There is now compelling evidence for human to human transmission of vCJD through blood transfusions from presymptomatic donors. It has been reported that a recipient of a labile blood component developed symptoms of vCJD approximately 6.5 years after receiving the transfusion.17 The donor of the red blood cells developed symptoms of vCJD 3.5 years after the donation, raising the likelihood that the infection was transmitted through the transfusion. A second case has been reported in the UK involving a donor who later went on to develop vCJD. The recipient of this blood transfusion died of causes unrelated to vCJD, but postmortem examination revealed the presence of PrPres in the spleen.18

In 2004 up to 4000 individuals were sent letters informing them that they may be at increased risk of carrying vCJD because they had received blood products donated by people who subsequently developed the disease. All recipients were advised to tell their doctors and dentists in order to reduce the possibility of secondary transmission.35

Additional fears of a future “tail” or late expansion of the epidemic come from the discovery that vCJD is no longer assumed to occur only in individuals who are homozygous for methionine at codon 129 of the prion protein gene.18,20 The patient believed to have contracted vCJD through a blood transfusion was found to be heterozygous at codon 129 at postmortem.18 The fear is that those who are homozygous for methionine at codon 129 have shorter incubation periods for vCJD, and those who are heterozygous are not immune to infection, but simply have longer incubation times.13 This would imply a further group of people who are currently infected but still asymptomatic, thus posing additional risks for secondary transmission.36 Individuals who are homozygous at codon 129 are overrepresented in all forms of sporadic and acquired human TSE and heterozygosity has been shown to correlate with longer incubation periods for growth hormone related CJD and kuru.15

Further cause for concern comes from a study of anonymised appendix and tonsil samples, which assessed the presence of PrPres in these tissues.20 An analysis of nearly 13 000 samples found PrPres in three. If these figures are extrapolated to the population of the UK it would indicate that almost 4000 people aged between 10 and 30 years may be asymptomatically harbouring the prion proteins that cause vCJD. However, only one of the three samples resembled the patterns of accumulation usually seen in vCJD. A more recent study of tonsillectomy specimens failed to find a positive case of disease associated prion proteins in 2000 samples, so more research is needed before definitive conclusions can be drawn.37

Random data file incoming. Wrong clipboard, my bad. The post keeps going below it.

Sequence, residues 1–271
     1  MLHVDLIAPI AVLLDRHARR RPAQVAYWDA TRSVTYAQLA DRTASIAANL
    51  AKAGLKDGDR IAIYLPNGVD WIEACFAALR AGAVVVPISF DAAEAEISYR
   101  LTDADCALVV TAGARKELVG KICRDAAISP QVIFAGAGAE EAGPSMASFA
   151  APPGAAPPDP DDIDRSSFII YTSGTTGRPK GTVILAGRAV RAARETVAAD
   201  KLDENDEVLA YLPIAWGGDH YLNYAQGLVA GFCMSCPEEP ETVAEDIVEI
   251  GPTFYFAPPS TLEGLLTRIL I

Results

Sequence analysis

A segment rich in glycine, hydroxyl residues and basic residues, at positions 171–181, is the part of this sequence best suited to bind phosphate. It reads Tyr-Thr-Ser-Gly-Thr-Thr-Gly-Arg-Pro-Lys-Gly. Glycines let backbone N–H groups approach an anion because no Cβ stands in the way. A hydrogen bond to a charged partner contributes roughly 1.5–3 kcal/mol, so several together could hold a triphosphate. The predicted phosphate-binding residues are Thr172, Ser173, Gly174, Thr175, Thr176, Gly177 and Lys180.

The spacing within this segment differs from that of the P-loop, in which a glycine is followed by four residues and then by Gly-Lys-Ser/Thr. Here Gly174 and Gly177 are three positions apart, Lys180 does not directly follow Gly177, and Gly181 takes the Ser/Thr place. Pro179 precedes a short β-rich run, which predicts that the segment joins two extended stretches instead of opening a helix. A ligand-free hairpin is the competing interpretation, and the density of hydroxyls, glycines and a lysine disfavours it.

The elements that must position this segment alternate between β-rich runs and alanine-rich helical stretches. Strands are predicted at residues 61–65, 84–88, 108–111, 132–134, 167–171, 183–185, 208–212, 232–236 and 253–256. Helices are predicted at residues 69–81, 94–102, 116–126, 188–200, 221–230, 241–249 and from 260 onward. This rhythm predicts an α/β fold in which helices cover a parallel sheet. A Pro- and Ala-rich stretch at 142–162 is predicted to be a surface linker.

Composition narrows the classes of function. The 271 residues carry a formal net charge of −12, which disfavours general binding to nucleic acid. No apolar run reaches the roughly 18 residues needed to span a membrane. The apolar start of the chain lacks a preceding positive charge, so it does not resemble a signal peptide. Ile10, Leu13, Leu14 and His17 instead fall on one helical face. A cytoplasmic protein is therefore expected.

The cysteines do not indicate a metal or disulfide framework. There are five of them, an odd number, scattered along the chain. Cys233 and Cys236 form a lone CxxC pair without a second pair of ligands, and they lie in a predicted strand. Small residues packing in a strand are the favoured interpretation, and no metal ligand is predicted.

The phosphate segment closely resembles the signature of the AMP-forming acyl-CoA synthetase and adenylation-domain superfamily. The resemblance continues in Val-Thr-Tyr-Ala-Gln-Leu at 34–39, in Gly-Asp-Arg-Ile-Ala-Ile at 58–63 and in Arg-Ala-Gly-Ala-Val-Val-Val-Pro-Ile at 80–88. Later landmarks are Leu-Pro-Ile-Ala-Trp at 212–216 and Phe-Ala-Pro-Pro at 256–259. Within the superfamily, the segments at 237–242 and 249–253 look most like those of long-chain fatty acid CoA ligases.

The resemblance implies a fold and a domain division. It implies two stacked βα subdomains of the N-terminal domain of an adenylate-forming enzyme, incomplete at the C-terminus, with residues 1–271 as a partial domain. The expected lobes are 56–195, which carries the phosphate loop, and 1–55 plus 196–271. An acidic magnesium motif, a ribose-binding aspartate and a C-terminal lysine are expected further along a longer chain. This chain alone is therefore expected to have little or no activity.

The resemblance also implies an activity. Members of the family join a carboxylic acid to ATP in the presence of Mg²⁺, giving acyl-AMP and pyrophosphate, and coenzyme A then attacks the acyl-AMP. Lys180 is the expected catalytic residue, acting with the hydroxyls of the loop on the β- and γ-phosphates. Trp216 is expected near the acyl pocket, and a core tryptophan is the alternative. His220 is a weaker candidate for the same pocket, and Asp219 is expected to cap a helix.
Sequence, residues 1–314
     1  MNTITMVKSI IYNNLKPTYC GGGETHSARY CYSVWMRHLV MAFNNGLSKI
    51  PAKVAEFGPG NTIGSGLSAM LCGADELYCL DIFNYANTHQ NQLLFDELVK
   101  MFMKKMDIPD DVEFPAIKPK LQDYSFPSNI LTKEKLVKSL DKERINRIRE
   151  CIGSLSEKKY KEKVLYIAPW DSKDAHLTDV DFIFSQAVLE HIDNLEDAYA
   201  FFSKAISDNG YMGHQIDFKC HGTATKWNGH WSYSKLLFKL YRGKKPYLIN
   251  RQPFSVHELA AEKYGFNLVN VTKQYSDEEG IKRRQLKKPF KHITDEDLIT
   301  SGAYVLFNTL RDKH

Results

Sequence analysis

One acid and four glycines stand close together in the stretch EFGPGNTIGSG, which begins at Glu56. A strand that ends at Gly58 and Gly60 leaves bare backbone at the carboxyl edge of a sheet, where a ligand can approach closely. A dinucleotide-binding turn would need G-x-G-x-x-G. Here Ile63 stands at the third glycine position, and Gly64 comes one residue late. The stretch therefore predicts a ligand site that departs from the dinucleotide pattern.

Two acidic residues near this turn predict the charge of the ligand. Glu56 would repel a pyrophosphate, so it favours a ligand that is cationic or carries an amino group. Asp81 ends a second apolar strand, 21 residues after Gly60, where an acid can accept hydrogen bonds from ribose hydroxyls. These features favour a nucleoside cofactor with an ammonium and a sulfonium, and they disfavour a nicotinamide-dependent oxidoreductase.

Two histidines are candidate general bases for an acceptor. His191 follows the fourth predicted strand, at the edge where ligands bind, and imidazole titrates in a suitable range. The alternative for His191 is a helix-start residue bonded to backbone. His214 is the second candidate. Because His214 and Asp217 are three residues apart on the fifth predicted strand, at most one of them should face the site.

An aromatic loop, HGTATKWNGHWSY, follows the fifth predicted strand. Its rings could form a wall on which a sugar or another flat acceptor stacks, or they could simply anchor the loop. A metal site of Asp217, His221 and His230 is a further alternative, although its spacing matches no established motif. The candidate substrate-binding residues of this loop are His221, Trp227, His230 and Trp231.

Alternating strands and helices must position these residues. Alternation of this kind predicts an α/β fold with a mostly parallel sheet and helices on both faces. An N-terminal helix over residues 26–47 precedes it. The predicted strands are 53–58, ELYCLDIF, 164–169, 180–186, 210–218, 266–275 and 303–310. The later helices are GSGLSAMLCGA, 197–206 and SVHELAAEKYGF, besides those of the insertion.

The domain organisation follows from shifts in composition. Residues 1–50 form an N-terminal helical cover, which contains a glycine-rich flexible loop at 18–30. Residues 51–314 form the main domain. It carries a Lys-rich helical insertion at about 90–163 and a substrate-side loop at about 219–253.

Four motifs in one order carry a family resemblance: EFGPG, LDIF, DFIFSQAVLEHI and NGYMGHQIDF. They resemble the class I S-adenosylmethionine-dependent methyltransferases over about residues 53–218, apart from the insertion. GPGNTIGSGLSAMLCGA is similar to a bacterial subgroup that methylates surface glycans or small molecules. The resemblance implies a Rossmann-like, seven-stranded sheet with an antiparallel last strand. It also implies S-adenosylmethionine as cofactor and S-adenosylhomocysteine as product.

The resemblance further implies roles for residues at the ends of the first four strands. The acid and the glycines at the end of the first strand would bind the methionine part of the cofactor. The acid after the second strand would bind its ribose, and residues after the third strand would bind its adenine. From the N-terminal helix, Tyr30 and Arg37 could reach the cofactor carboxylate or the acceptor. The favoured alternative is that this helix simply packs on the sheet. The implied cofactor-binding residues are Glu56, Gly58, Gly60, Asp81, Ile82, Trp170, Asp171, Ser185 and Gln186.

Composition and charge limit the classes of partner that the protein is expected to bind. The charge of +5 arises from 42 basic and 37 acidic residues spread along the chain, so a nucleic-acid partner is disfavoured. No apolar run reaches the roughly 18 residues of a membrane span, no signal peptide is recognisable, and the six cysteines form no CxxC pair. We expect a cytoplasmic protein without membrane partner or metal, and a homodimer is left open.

A reliable, non-invasive, presymptomatic or early symptomatic diagnostic test for vCJD could greatly decrease the potential for iatrogenic transmission in humans but is yet to become available.10–12 Many laboratory based approaches are being developed for the screening of vCJD using blood samples and will continue to be refined in the future.15 Technical aspects of the development of such tests have been detailed, as have methods for validation of test results, although the lack of appropriate positive control samples may hamper the latter.6,12 Minimal criteria for the sensitivity and specificity of such testing, the circumstances under which tests should be implemented, and the surrounding ethical issues have been the subject of a recent conference.15 It is predicted that future screening of blood donors for vCJD may include an initial rapid blood screening test followed by a more rigorous confirmatory test and then a genetic test.15

Although it is currently unresolved whether presymptomatically infected persons will invariably manifest illness, these individuals may still pose covert secondary transmission risks in the health care setting. Thus, despite concerns relating to the sensitivity and specificity of any test adopted and the need for the establishment of independent verification methods, the development of a reliable, practicable, presymptomatic diagnostic test would evoke a range of significant ethical concerns.


The difficulties that may arise in deciding upon a protocol to employ, should presymptomatic testing for vCJD become available, have been acknowledged.30 However, a detailed examination of possible protocols and a thorough analysis of the benefits and harms are yet to be undertaken. There is an urgent need to consider these issues prior to the availability of such a test. While the public health benefits of offering such a test are significant, so too is the risk of harm to individuals if testing is administered incorrectly.


Huntington’s disease (HD) is an autosomal dominant neurodegenerative disorder. It has a mean age of onset of 37 years and no effective treatment is available. On average, HD results in death 15 years after symptom onset.38 Presymptomatic genetic testing for HD has been available since 1986. This is generally undertaken in the setting of a formalised protocol whereby, prior to genotyping, those at risk have the opportunity to explore issues around what a positive result and a negative result may mean for them and their family.39 An exemplary protocol is outlined in guidelines developed by the International Huntington Association and the World Federation of Neurology.40